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A Comprehensive Guide on Tax for Freelancers

We had a lot of people ask us for this. Here's what we cover in this post:

1. Example - GST v Income Tax

2. Income Tax provisions for Freelancers

  • Income from profession

  • The Legendary Section 44ADA

  • What to do if you cross the magical INR 50 lakh number?

  • Case Study - Freelance and Full-time Salary income

  • Case Study - Services rendered to overseas Company

3. GST provisions for Freelancers

  • Registration under GST

  • Export of services and filing an LUT

  • Case Study - Freelance and Full-time Salary income

  • Case Study - Services rendered to overseas Company

  • What to do if you cross the magical INR 20 lakh number?

First thing you need to understand is that Income Tax and GST are 2 completely different Acts and tax different things. Let's illustrate quickly with a simplified example.

Example - GST v Income Tax


Mr. India earns INR 1 crore by selling services to Indian parties. This is professional income for Mr. India. GST on these services applies at 18%.


GST

Mr. India will collect the following amount from his clients:

This INR 18,00,000 of GST collected will be paid to the Government. Accordingly, GST is an indirect tax - the clients bear the burden of this amount.


Note - In some cases, practically - you may end up paying GST out of your pocket. We'll explain that below in this article


Income Tax

Mr. India will be liable to pay income tax on this INR 1 crore at slab rates. This is a tax on your income - a Direct Tax. This goes out of your pocket.


Obviously, there's more to both of the Acts (which we will explain below), but this should help you understand the basic difference between the 2 types of taxes you need to worry about.

Income Tax provisions for Freelancers


Your income from freelancing is taxable under the head Income from profession. Details of income and expenditure under the provisions of Income from Profession are available here.


We know you're not here for that. You're here because you heard of this mythical section called Section 44ADA.


The Legendary Section 44ADA


Presumptive scheme of tax

Under the presumptive scheme of taxation, profits are presumed at 50% of the gross receipts.


Eligible Assessees

Any assessee resident in India.


Turnover Limit & Eligible professions

Professionals mentioned below, whose total gross receipts are less than INR 50 lakh in a year can avail benefit of the presumptive taxation scheme.

  • Interior decorations

  • Technical consulting

  • Engineering

  • Accounting

  • Legal

  • Medical

  • Architecture

  • Other professionals, as mentioned below:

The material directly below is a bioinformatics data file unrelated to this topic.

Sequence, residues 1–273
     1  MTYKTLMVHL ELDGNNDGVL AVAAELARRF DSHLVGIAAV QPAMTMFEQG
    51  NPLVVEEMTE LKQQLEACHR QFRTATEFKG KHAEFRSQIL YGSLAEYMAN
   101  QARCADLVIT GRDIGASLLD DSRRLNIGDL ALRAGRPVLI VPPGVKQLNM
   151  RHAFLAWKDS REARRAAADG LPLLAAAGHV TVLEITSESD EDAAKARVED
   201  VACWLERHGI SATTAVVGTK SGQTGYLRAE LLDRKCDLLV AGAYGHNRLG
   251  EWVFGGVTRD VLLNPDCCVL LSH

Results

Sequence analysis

a. Movie artists including a producer, editor, actor, director, music director, art director, dance director, cameraman, singer, lyricist, story writer, screenplay or dialogue writer and costume designers


b. Authorised representative meaning a person who represents another person for a fee before a tribunal or any authority constituted under any law. It does not include an employee of the person so represented or a person who is carrying on the profession of accountancy


c. Any other notified professionals


So how does this work?


It's simple. You show only 50% of your revenue as income. Let us explain with a simple example.


Example:

Tony Singh, an Indian Resident, provides software development services to Avengers Inc. (A US Company). His revenue from services is INR 40,00,000. He incurs very little expenditure in India amounting to INR 2,00,000.


Income under Section 44ADA

Income under Normal Provisions

Clearly, Section 44ADA is beneficial for Tony. He has to pay tax on this INR 20,00,000 at slab rates.


My actual expenses are much lower than 50% of my revenue. Can I still use Section 44ADA?


This is an established provision where your actual expenses are not reviewed by the Income Tax Department. You can show 50% as income, no questions asked.


Other Benefits under Section 44ADA

  • No need of maintaining books required under Section 44AA

  • No requirement of having accounts audited under Section 44AB


When shall an assessee maintain books and get the accounts audited?:

  • Income from profession is offered at a lower rate than 50% of the gross receipts

  • Total income of the assessee is more than the basic exemption

What to do if you cross the magical INR 50 lakh number?


You've been using Section 44ADA for a few years now. But you expect your revenue to cross INR 50 lakhs next year.


You've come to the unfortunate conclusion that if your revenue from profession exceeds INR 50 lakh by even INR 1, your tax liability may triple. How do you fix this?


We've been able to work this out for clients. It's too specific and depends too much on the facts and circumstances of each case. However, some of the options we've explored with our clients include the following:

  • Splitting of revenue between different entities/ individuals

  • Setting up of new entities

  • Exploring options under Section 44AD


Case Study - Freelance and Full-time Salary income


Mr. Multitasker works a day job at NetMeTube+ and earns salary of INR 50,00,000 in a year (after considering all deductions under the Income tax Act). He recently discovered the world of freelancing and receives INR 45,00,000 from freelancing work done in his spare time through sites such as Upwork and Freelancer. He also invests INR 1,50,000 in PPF account every year. This is his only deduction under Chapter VI-A.


We have avoided getting into the deductions for salary to keep this article at a readable length. For provisions of Income from salary - refer here.


How is his tax calculated?